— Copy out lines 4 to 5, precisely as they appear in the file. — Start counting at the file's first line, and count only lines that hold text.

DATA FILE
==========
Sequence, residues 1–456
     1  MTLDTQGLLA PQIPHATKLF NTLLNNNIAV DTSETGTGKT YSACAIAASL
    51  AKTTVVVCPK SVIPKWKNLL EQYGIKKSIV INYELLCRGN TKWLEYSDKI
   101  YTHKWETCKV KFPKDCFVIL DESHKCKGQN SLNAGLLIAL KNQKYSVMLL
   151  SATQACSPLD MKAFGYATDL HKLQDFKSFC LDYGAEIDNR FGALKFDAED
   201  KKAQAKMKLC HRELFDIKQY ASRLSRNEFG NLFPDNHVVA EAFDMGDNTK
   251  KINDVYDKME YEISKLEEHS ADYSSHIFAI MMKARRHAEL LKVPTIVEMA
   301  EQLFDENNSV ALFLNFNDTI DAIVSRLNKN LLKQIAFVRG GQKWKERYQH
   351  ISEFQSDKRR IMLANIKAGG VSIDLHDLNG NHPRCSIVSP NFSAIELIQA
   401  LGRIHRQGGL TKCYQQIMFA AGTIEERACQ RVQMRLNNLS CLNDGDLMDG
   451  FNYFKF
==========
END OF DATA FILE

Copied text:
   101  YTHKWETCKV KFPKDCFVIL DESHKCKGQN SLNAGLLIAL KNQKYSVMLL
   151  SATQACSPLD MKAFGYATDL HKLQDFKSFC LDYGAEIDNR FGALKFDAED